C to G1 on 1851 Erard, is nearly the same distance as C to F1 on a modern piano.
MindenBlues wrote:I have seen a gypsum model of Listzs hand in the Liszt Museum in Weimar/Germany (where I grew up). Liszt has had big, strong hands, capable to reach from C to G next octave. Attention: currently the museum is rebuild, one cannot see that gypsum model at the moment.
The gypsum model of Chopin's hand I have seen as well, it is located in the "Musee de la vie romantique" in Paris. It is a small, slim hand, but with long fingers. If someone is in Paris, I can recommend to visit that museum. One sees additional some nice paintings from George Sand and her son Maurice.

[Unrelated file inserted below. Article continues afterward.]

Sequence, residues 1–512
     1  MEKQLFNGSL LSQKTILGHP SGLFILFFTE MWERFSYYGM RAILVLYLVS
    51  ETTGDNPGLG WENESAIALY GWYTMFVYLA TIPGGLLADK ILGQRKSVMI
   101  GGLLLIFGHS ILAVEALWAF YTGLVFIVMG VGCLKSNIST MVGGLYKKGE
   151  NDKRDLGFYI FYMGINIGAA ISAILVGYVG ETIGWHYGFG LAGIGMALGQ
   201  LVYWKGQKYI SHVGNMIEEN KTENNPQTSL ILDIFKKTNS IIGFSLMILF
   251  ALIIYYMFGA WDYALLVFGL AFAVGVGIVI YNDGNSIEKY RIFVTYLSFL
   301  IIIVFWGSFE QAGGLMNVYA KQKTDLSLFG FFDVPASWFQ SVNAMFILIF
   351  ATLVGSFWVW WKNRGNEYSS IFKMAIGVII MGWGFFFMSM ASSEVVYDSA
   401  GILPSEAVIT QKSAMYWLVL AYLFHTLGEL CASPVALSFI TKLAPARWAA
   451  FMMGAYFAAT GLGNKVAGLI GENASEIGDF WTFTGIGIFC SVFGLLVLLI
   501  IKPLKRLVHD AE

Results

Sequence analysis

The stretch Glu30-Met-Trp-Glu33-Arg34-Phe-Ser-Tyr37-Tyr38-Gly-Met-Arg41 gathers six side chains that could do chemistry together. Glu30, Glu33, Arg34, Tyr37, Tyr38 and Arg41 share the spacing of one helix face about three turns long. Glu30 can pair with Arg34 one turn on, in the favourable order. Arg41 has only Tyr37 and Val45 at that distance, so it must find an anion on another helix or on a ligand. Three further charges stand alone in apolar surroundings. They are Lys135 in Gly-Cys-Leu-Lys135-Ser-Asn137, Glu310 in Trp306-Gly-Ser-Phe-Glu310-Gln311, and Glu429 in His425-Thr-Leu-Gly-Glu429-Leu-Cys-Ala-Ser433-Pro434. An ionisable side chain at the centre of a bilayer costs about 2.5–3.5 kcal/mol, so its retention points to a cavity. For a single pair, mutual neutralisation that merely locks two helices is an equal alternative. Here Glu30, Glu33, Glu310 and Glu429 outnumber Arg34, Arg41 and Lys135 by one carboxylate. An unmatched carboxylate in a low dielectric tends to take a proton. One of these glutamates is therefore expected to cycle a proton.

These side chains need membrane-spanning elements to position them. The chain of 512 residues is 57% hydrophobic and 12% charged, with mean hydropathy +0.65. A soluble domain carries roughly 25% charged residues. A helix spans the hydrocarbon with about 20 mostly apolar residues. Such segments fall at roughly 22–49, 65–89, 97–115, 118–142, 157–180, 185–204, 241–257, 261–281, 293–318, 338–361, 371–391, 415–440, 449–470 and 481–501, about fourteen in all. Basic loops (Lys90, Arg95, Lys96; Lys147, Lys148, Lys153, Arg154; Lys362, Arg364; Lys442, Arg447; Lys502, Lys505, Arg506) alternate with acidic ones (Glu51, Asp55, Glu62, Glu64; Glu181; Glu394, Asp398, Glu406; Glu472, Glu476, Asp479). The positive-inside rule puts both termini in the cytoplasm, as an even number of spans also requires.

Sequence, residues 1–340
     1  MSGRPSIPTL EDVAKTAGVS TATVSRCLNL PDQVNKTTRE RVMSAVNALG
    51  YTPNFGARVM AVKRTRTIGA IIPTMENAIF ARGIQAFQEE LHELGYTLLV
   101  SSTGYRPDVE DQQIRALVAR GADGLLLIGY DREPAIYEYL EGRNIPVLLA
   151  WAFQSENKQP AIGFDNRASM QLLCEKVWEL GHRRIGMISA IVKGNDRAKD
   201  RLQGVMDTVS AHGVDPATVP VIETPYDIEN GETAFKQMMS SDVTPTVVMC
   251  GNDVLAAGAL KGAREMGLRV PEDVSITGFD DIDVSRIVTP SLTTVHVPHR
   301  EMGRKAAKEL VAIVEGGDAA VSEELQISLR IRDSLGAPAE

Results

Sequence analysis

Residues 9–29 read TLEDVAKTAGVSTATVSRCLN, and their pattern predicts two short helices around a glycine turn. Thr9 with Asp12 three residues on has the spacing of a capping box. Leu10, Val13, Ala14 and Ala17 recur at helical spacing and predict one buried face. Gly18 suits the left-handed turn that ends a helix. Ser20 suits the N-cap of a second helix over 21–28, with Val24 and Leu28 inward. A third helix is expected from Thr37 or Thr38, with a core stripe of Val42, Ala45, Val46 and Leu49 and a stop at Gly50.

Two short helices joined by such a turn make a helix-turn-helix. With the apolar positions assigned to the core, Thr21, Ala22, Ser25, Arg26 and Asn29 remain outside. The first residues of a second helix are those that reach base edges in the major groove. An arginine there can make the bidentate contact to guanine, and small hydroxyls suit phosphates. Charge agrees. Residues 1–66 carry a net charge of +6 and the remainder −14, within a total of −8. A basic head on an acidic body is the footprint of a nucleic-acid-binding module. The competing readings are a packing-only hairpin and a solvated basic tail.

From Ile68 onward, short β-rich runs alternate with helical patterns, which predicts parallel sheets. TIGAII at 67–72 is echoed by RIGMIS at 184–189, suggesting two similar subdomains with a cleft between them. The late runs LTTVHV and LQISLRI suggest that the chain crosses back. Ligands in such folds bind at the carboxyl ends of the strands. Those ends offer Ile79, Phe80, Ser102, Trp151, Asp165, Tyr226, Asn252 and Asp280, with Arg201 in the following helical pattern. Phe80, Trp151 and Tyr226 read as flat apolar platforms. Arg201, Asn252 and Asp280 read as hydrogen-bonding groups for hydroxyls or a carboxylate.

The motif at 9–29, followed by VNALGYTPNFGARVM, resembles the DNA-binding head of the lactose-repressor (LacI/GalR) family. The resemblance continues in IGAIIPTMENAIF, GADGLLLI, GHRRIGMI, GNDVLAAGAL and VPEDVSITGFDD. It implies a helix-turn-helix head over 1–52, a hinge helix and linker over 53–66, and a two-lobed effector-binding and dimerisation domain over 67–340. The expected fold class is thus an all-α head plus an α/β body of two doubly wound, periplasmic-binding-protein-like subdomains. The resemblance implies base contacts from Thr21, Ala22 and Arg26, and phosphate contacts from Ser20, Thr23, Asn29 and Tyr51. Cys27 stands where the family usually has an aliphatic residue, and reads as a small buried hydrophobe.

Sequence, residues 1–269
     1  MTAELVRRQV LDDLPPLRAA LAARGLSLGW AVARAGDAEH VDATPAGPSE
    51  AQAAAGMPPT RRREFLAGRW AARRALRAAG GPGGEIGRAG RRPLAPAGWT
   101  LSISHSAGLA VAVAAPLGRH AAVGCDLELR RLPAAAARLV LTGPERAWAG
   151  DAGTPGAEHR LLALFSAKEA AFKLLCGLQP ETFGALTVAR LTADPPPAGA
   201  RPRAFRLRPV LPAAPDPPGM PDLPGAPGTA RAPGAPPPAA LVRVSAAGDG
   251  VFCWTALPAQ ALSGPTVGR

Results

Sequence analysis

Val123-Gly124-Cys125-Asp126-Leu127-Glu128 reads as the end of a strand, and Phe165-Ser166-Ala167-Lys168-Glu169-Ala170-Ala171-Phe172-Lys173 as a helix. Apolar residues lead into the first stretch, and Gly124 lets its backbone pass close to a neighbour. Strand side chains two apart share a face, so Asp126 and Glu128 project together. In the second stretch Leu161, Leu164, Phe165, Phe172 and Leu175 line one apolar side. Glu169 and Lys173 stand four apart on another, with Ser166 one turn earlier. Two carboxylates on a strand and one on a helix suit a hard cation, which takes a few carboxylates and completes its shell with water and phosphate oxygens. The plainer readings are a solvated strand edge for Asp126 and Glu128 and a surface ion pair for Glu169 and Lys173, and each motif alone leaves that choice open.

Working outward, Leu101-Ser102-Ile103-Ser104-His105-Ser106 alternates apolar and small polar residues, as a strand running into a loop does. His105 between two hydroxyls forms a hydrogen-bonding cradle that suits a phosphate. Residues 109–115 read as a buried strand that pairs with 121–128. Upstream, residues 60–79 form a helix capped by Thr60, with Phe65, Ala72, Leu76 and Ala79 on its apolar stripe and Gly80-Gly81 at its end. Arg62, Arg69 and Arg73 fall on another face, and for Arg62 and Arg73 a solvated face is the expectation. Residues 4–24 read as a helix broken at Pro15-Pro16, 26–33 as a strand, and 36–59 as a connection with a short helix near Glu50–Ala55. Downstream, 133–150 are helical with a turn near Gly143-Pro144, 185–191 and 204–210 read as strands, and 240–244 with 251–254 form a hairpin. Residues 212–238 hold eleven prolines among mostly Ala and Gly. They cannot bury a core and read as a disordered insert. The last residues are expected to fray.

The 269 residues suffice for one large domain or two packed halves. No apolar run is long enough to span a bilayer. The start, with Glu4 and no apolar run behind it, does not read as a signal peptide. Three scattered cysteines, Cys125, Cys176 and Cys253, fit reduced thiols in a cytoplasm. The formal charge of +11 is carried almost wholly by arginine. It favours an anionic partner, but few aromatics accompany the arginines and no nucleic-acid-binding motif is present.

Hmmmm, I have seen the original grand piano from Liszt in his Museum in Weimar. I would say, modern key size. It is no Erard, but I do not remember the brand name. Indeed, as child I had the opportunity to play a bit on it, back in old East-Germany times around 1970 or so. You will not believe it, but it is still today in use for performances from the Liszt University in Weimar. They will put another grand in the museum however and that piano will not be used anymore, the museum is just rebuild inside.
Liszt has had no hands, he had big paws, really!
In my case, C - f is in my reach. Or an octave with thumb and every other finger, not only pinky, like thumb and index. On a modern piano, not Erard
PJF wrote:Do what is natural and avoid the unnatural.
It is however not unnatural to always try to stretch more (or with age, to not loose the flexibility)! Look at dancers, how well they can stretch!